The National Genomic Medicine Institute of Mexico and Applied Biosystems will develop new pharmacogenomic assays as part of a project to study genes linked to diseases prevalent in Mexican populations.
Any diagnostic assays resulting from the collaboration between INMEGEN and ABI would likely be based on PCR or sequencing, wrote Kim Caple, ABI's director of marketing for genetic analysis, in an e-mail message to Pharmacogenomics Reporter. "Applied Biosystems will work with the data resulting from the discovery phase of the project to identify new TaqMan genomic assays, and/or resequencing primers that are specific and medically relevant to the Mexican and Mexican-American population," she wrote.
The project's discovery phase will use ABI's TaqMan assays to identify "genes of pharmacogenomic interest," and will later resequence a subset of those genes using the company's DNA sequencers. Regarding new disease areas, "I think they're going to start with some of the more prevalent ones, like diabetes and asthma and hypertension, and then move on to some other things that are specific to the Mexican population," said Mike Fitzpatrick, ABI's vice president of global key accounts.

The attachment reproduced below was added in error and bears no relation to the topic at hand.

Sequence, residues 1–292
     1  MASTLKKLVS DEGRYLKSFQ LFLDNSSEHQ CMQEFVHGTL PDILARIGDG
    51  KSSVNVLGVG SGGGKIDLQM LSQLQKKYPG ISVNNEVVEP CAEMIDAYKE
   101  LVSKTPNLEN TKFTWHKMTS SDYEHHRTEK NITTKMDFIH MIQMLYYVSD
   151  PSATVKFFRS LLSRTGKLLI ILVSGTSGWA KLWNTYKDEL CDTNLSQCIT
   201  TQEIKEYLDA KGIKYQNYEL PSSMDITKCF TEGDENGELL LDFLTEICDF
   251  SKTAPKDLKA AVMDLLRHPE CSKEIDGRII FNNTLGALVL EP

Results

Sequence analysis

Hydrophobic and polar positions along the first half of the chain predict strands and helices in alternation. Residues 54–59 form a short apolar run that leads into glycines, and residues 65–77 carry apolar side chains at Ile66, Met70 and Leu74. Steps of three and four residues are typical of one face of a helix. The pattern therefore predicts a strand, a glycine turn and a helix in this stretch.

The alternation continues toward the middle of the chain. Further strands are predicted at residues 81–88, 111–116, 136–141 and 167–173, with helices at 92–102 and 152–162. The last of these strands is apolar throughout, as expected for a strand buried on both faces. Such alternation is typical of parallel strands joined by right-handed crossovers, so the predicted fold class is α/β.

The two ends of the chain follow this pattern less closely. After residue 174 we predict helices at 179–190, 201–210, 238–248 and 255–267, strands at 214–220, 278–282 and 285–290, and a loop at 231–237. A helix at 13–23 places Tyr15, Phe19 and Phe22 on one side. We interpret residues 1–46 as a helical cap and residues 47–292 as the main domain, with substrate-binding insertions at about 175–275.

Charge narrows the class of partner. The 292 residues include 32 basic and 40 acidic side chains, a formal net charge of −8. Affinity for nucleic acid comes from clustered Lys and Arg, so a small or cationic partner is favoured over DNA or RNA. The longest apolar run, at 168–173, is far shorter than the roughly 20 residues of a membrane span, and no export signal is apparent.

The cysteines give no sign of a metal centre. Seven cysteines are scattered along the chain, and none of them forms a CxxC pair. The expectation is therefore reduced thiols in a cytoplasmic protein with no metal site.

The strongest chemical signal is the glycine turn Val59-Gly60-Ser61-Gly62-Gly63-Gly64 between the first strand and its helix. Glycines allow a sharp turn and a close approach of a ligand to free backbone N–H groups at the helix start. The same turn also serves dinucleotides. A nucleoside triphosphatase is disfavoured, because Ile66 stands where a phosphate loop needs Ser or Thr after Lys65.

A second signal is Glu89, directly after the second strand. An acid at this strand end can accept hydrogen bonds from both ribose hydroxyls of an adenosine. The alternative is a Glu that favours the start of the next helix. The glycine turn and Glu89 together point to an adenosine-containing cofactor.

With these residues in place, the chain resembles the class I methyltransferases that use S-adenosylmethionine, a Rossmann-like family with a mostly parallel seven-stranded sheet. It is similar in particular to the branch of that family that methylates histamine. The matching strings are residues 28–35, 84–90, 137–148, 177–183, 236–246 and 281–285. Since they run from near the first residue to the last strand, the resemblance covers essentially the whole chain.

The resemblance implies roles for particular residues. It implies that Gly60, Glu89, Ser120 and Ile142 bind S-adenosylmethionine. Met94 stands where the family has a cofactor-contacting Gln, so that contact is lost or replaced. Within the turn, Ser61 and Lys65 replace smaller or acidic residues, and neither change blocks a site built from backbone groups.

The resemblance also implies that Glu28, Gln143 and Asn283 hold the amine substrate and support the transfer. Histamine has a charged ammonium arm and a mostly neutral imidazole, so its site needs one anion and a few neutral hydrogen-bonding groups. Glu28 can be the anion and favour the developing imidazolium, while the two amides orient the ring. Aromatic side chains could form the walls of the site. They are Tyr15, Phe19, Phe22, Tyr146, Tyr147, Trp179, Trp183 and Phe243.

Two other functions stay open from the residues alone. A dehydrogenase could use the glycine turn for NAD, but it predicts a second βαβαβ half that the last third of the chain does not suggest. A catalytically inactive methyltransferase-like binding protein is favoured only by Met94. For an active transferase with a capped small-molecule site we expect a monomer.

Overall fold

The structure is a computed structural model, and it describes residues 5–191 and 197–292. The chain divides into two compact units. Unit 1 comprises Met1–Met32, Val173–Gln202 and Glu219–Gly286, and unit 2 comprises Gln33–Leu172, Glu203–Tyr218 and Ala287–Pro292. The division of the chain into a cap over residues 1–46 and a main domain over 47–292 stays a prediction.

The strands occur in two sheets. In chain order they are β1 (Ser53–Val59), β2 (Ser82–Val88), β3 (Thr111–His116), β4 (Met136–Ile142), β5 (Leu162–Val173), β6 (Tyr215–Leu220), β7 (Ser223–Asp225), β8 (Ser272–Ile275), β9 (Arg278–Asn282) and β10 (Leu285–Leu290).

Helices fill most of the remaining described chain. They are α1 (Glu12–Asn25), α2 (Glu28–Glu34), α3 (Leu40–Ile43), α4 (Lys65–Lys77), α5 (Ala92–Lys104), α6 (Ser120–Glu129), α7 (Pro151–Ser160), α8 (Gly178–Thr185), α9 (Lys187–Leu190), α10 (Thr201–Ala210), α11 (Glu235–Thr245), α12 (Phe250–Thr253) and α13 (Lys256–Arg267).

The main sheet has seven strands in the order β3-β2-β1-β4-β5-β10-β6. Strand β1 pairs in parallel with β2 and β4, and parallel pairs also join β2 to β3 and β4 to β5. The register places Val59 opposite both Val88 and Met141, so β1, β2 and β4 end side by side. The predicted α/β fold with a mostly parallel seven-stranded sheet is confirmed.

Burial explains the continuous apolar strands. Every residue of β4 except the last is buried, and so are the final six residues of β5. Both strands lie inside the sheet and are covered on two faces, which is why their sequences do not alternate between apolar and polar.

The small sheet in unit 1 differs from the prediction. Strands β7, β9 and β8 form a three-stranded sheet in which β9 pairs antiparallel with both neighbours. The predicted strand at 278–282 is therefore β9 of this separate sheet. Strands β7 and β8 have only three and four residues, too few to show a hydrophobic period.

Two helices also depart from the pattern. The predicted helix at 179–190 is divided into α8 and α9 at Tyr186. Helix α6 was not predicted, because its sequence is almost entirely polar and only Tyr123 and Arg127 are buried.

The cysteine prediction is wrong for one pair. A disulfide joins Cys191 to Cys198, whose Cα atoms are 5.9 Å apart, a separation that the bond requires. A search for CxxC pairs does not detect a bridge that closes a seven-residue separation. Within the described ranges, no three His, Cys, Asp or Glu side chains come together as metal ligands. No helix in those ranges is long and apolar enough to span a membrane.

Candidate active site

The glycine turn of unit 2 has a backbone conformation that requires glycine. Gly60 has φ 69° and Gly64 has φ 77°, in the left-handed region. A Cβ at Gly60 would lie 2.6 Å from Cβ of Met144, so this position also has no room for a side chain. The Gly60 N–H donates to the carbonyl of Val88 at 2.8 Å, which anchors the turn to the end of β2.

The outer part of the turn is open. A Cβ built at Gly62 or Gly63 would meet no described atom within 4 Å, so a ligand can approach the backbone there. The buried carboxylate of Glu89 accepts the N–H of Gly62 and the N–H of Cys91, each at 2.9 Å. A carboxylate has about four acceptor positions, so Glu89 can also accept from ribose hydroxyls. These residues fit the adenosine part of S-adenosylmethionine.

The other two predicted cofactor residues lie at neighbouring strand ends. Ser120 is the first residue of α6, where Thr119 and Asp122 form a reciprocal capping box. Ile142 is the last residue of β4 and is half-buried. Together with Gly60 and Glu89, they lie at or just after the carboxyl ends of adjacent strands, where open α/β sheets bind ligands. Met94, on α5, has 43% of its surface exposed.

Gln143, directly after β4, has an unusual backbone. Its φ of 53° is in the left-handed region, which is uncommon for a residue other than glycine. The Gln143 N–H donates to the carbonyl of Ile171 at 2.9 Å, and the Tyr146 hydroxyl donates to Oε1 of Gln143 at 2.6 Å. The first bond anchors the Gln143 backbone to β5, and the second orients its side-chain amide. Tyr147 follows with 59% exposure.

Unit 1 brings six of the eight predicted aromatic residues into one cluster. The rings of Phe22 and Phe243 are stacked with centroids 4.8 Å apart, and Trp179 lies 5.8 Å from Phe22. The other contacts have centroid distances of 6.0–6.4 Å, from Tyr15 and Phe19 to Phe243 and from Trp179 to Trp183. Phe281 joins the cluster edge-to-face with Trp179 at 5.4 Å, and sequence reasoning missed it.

Samples for this initial phase will come from "several hundred" Mexican people, said Caple. But the project will eventually become the largest genotyping study conducted in Latin America, INMEGEN said in a statement.
INMEGEN did not return repeated phone calls for further information.
Applied Biosystems spokespeople declined to disclose financial details.
Established in 2004, INMEGEN operates as part of Mexico's National Institutes of Health to characterize Mexican genetic variation and its effect on common drug responses and the prevalence and progression of genetic and other diseases. The institute's goal is to develop new treatments for diseases common to the approximately 60 Mexican populations.
ABI will set up an eponymous Sequencing and Genotyping Unit at INMEGEN that will be equipped with two DNA Analyzers models 3730 and 3130 one 7900 HT real-time PCR platform, and 10 9700 PCR systems, Caple said. The institute is also an early access customer for ABI's new TaqMan drug-metabolizing enzyme assays, and it will be using the assays for identifying variations in drug response related to treatment for diseases common among the Mexican population, she added.
Two other companies are also associated with INMEGEN units the Affymetrix Gene Expression Analysis Unit and the IBM Bioinformatics Unit. Neither of those two companies are involved in the discovery phase of the project, it said.
Chris Womack ([email protected])